One in 12 workers not getting legal holiday entitlement, warns TUC

By agency reporter
July 28, 2018

New TUC analysis reveals that one in 12 UK workers are not getting their legal holiday entitlement.

The analysis estimates that 2.2 million employees are not getting the minimum paid leave entitlement they are due. And over half of this number (1.2 million) are not getting any paid leave at all.

The analysis shows:

  • Workers are losing out on nearly £3 billion worth of paid leave a year.
  • 9.2 per cent of female workers and 7.2 per cent of male workers are losing out.
  • The sectors in which workers are most likely to lose out are agriculture (14.9 per cent), mining and quarrying (14.7 per cent) and accommodation and food (13.9 per cent).
  • The sectors with highest numbers of staff losing out are retail (348,000), education (342,000) and health and social care workers (291,000).

Working people are entitled to a statutory annual minimum of 28 days paid leave (pro rata and including public holidays).

The TUC says the main reasons people are missing out are:

  • Workers being set unrealistic workloads that do not allow time to take leave.
  • Employers deliberately denying holiday requests and managing out people’s leave.
  • Employers not keeping up to date with the law.

Minimum holiday entitlements are a vital part of reducing overwork, says the TUC. People who work excessive hours are at risk of developing heart disease, stress, mental illness, strokes, and diabetes, which also impacts on co-workers, friends, and relatives.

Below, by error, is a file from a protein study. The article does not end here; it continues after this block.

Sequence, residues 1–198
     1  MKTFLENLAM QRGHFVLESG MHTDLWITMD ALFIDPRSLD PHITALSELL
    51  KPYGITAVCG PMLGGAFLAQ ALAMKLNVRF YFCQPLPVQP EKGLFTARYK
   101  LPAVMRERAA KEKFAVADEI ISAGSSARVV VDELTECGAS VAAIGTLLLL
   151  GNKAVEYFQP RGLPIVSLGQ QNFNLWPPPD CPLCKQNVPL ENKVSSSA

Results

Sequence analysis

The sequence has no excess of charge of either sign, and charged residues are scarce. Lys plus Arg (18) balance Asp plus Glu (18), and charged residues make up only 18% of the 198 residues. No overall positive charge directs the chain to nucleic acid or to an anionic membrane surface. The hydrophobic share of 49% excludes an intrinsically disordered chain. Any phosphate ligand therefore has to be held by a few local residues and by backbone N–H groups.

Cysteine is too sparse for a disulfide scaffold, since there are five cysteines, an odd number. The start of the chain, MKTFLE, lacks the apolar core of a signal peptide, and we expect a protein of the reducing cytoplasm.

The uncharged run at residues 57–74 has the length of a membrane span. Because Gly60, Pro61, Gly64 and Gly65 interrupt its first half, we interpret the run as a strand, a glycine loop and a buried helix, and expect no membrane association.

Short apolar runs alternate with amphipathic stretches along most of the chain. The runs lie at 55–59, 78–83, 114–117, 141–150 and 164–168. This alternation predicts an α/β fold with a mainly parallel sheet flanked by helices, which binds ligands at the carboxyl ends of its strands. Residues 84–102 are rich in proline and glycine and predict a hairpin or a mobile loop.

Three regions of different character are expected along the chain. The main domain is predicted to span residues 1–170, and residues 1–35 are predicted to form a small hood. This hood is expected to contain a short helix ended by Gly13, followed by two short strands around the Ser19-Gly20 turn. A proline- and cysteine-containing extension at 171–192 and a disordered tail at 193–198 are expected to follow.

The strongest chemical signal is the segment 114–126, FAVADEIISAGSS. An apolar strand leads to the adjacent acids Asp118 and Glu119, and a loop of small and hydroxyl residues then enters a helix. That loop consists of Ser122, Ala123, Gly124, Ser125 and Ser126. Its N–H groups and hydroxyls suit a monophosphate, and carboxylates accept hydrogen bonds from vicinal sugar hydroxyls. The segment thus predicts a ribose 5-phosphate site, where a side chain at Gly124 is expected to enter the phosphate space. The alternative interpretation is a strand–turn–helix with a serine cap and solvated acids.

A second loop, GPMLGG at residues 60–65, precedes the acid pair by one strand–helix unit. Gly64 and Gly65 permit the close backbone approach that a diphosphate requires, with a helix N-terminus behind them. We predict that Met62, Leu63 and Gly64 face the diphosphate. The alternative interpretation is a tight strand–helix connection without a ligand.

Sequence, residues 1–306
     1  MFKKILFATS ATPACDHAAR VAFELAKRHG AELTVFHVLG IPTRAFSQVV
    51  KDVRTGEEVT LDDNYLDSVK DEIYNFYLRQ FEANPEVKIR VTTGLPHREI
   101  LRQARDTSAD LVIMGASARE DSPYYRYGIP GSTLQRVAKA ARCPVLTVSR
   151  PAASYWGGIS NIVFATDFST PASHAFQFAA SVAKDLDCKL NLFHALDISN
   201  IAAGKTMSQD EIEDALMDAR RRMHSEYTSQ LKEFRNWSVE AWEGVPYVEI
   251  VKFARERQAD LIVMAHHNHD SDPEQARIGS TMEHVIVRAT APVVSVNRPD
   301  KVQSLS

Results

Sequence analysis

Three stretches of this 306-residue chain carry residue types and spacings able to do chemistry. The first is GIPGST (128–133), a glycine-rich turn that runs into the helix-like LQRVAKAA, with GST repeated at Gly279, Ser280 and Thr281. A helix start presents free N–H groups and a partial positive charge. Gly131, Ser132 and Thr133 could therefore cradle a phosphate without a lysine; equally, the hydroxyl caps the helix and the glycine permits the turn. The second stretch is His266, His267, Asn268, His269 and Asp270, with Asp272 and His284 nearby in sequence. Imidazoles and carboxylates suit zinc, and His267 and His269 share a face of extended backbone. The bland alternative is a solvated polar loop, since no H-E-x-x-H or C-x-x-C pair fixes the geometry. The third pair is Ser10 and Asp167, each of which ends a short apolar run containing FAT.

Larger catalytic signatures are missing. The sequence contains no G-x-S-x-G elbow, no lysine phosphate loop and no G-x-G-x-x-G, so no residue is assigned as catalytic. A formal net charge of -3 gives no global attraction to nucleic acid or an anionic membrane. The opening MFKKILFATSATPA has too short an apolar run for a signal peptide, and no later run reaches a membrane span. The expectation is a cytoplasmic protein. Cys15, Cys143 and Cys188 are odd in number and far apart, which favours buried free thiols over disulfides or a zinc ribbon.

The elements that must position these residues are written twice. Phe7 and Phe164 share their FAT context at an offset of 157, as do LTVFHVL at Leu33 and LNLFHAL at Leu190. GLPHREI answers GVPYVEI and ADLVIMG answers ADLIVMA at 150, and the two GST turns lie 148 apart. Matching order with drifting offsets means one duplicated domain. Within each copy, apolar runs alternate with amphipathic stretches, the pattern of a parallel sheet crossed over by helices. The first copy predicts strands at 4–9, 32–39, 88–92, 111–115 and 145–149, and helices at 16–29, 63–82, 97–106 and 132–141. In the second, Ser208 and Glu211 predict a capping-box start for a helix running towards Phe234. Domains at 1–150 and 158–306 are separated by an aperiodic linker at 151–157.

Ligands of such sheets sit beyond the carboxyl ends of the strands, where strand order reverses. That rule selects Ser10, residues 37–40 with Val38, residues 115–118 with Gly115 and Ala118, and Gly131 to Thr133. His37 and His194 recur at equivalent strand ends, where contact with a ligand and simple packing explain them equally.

The TUC wants HMRC to be granted new powers to clamp down on employers who deny staff their statutory holiday entitlement. This would include the power to ensure that workers are fully compensated for missed holidays.

The government has recently consulted on enforcing holiday entitlements but has yet to announce any plans. The TUC says ministers must guarantee all UK workers can take the holidays that they are entitled to. 

TUC General Secretary Frances O’Grady said: “We’re now in peak holiday season. But while many workers are away enjoying time off with friends and family, millions are missing out. And that puts them at risk of burnout.

“Employers have no excuse for robbing staff of their well-earned leave. UK workers put in billions of hours of unpaid overtime as it is.

“The government must toughen up enforcement to stop bosses cheating staff out of their leave.“

UK workers are entitled to a minimum of 5.6 weeks of paid leave through the Working Time Regulations 1998 (amended 2009). This means 28 days for a typical five-day week, with pro-rata entitlement for those who work less than five days. The minimum entitlement includes the UK's public holidays. Individuals might be entitled to additional leave in their employment contracts.

The 2017 Taylor Review on modern work practices proposed that “HMRC should take responsibility for enforcing the basic set of core pay rights that apply to all workers – National Minimum Wage, sick pay and holiday pay for the lowest paid workers.”

A subsequent government consultation (Feb 2018) said “The government accepts the case for the state enforcing a basic set of core rights for the most vulnerable workers, and intends to move in this direction”. The TUC argues that all workers should have their holiday rights guaranteed.

* Trades Union Congress


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